Verse 71. -- That I might fear thy statutes. He speaks not of that learning which is gotten by hearing or reading of God's word; but of the learning which he had gotten by experience; that he had felt the truth and comfort of God's word more effectual and lively in trouble than he could do without trouble; which also made him more godly, wise, and religious when the trouble was gone. --William Cowper.
Verse 71. -- That I might learn. "I had never known," said Martin Luther's wife, "what such and such things meant, in such and such psalms, such complaints and workings of spirit; I had never understood the practice of Christian duties, had not God brought me under some affliction." It is very true that God's rod is as the schoolmaster's pointer to the child, pointing out the letter, that he may the better take notice of it; thus he points out to us many good lessons which we should never otherwise have learned. --From John Spencer's "Things New and Old," 1658.
Verse 71. -- That I might learn. As prosperity blindeth the eyes of men, even so doth adversity open them. Like as the salve that remedies the disease of the eyes doth first bite and grieve the eyes, and maketh them to water, but yet afterward the eyesight is clearer than it was; even so trouble doth vex men wonderfully at the first, but afterwards it lighteneth the eyes of the mind, that it is afterward more reasonable, wise and circumspect. For trouble bringeth experience, and experience bringeth wisdom. -- Otho Wermullerus, 1551.
Verse 71. -- Learn thy statutes. The Christian has reason to thank God that things have not been accommodated to his wishes. When the mist of tears was in his eyes, he looked into the word of God and saw magnificent things. When Jonah came up from the depths of ocean, he showed that he had learned the statutes of God. One could not go too deep to get such knowledge as he obtained. Nothing now could hinder him from going to Nineveh. It is just the same as though he had brought up from the deep an army of twelve legions of the most formidable troops. The word of God, grasped by faith, was all this to him, and more. He still, however, needed further affliction; for there were some statutes not yet learned. Some gourds were to wither. He was to descend into a further vale of humiliation. Even the profoundest affliction does not, perhaps, teach us everything; a mistake we sometimes make. But why should we compel God to use harsh measures with us? Why not sit at the feet of Jesus and learn quietly what we need to learn? -- George Bowen, in "Daily Meditations", 1873.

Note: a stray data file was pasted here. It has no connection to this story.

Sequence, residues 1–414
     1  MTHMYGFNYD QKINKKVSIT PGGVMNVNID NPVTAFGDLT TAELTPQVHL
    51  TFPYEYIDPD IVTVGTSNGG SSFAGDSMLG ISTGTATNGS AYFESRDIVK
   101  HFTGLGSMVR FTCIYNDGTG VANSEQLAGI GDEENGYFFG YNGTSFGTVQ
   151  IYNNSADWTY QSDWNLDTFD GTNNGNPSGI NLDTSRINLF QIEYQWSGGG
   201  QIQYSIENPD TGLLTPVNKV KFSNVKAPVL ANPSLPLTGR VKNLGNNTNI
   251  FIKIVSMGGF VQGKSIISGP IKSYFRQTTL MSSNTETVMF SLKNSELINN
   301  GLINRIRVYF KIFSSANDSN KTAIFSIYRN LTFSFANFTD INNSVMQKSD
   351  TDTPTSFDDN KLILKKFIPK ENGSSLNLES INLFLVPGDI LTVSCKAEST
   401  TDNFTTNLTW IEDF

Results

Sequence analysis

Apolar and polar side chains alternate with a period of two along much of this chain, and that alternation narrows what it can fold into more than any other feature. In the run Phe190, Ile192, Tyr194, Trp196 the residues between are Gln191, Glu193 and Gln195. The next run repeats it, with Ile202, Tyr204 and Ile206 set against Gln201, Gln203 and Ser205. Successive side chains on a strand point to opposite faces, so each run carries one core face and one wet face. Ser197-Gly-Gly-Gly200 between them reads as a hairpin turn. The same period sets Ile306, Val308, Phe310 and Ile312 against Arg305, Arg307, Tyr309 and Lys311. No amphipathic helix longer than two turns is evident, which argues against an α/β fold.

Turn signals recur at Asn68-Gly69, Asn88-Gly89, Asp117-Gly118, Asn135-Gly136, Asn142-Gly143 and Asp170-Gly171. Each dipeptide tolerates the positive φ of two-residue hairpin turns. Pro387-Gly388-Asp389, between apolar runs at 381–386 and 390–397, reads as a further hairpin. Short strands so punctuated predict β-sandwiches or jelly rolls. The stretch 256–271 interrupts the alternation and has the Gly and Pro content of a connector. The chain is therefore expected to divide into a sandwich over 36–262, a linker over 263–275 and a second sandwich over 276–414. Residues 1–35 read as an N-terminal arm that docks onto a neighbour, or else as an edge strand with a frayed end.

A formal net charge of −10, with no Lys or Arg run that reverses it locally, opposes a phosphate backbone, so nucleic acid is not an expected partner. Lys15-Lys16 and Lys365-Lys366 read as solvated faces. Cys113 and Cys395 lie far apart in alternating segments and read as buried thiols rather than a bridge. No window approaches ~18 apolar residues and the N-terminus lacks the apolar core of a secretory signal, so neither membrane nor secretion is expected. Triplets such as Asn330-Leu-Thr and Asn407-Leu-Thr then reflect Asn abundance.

Verse 71. -- Statutes. The verb from which this word is formed means to engrave or inscribe. The word means a definite, prescribed, written law. The term is applied to Joseph's law about the portion of the priests in Egypt, to the law about the passover, etc. But in this psalm it has a more internal meaning; that moral law of God which is engraven on the fleshy tables of the heart; the inmost and spiritual apprehension of his will; not so obvious as the law and the testimonies, and a matter of more direct spiritual communication than his precepts; the latter being more elaborated by the efforts of the mind itself, divinely guided indeed, but perhaps more instrumentally, and less passively, employed. They are continually spoken of as things yet to be learned, either wholly or in part, not objectively apprehended already, like God's law... They are learned, not suddenly, but by experience, and through the means of trials mercifully ordained by God; lessons therefore which are deeply engraven on the heart. "Good is it for me that I have been in trouble, that I might learn thy statutes." "I have more understanding than my teachers, because thy statutes I have observed." --John Jebb.